MMC could be the solution to the UK's social housing needs
Shelter, the homeless charity, estimates that the UK has suffered a net loss of around half a million social housing units since the millennium. Existing housing stock is ageing and waiting lists far exceed official estimates, plunging the country into a social housing crisis.
The Right to Buy scheme and routine demolitions have further reduced the available housing stock, leaving the UK 150,000 social housing units short every year. And with average annual output standing at just 4.4% of the units required, supply is nowhere near demand. In fact, you'd have to look back to the 1970s to see the last time the UK built social housing in sufficient numbers to meet its needs.
But while there are multiple challenges facing the traditional construction industry, including skills shortages, an ageing workforce, supply chain issues and the rising cost of materials, there are alternative solutions to protect society's most vulnerable.
Ayrshire modular housing
In South Ayrshire, Connect Modular has delivered 63 affordable homes to the Irvine Housing Association in the first phase of what will be a 250 home development. It's the largest social housing development in the area and delivers a mix of affordable housing from bungalows and one-bedroom flats to three-bedroom houses.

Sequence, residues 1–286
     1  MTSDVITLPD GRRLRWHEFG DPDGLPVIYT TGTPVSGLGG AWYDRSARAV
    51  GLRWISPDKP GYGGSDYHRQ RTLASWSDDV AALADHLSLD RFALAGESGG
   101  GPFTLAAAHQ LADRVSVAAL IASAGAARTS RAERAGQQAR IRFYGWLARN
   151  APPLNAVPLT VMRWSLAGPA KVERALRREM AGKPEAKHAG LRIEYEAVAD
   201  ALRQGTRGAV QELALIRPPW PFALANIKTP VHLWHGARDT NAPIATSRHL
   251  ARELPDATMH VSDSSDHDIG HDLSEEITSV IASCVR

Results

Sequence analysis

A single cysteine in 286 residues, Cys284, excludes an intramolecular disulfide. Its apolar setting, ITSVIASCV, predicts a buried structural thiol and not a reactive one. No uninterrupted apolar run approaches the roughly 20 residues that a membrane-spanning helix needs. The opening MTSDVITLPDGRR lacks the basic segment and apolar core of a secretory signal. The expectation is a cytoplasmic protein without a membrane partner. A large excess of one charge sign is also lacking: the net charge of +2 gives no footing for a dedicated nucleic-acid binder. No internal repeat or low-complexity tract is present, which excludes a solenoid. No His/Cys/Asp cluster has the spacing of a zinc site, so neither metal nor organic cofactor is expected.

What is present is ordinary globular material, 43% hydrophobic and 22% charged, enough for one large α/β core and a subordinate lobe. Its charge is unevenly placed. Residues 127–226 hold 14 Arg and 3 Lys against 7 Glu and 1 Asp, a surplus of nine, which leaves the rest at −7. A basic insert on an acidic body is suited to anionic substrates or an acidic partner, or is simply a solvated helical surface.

The Irvine Housing Association already boasts a 2,000 home portfolio, and is eager to embrace the evolution in construction with their first foray into MMC. The new homes in South Ayrshire are delivered 90% complete for shorter build times and earlier occupancy. Paul Hillard, managing director of Irvine Housing Association, said the project delivered greater capacity to meet social housing needs while offering good value to customers with high-quality and efficient homes.
MMC companies like TopHat are hoping that the precision-engineered techniques used to produce offsite homes in a factory will significantly speed up the delivery of social housing where it's most needed. It's a low-cost option for councils to deliver low-rent housing to meet a critical need.
But MMC homes go further than simply offering a low-cost option. With energy costs soaring and accounting for an ever-increasing part of many homeowners monthly outgoings, modular buildings are routinely built to A or B EPC ratings making them much cheaper to run and giving councils the opportunity to meet sustainability targets.
High volume and with a quick turnover, factory-built housing is not only highly energy-efficient but also minimises disruption and carbon pollution in the built environment. This in turn lowers costs and the environmental impact.
Homes England has long been championing modular as a way to deliver social housing in a fast and efficient way and the government is taking note. Last year the national housing agency announced that housing associations would have to commit to using MMC to deliver at least 25% of their pipelines as part of the £11.5bn Affordable Housing Programme.
As the success of Kilmarnock Road, Dundonald has shown, modular housing is a much-needed innovation in the social housing market. And while it may not be a silver bullet, it brings much-needed productivity at a time when demand so hugely outstrips supply.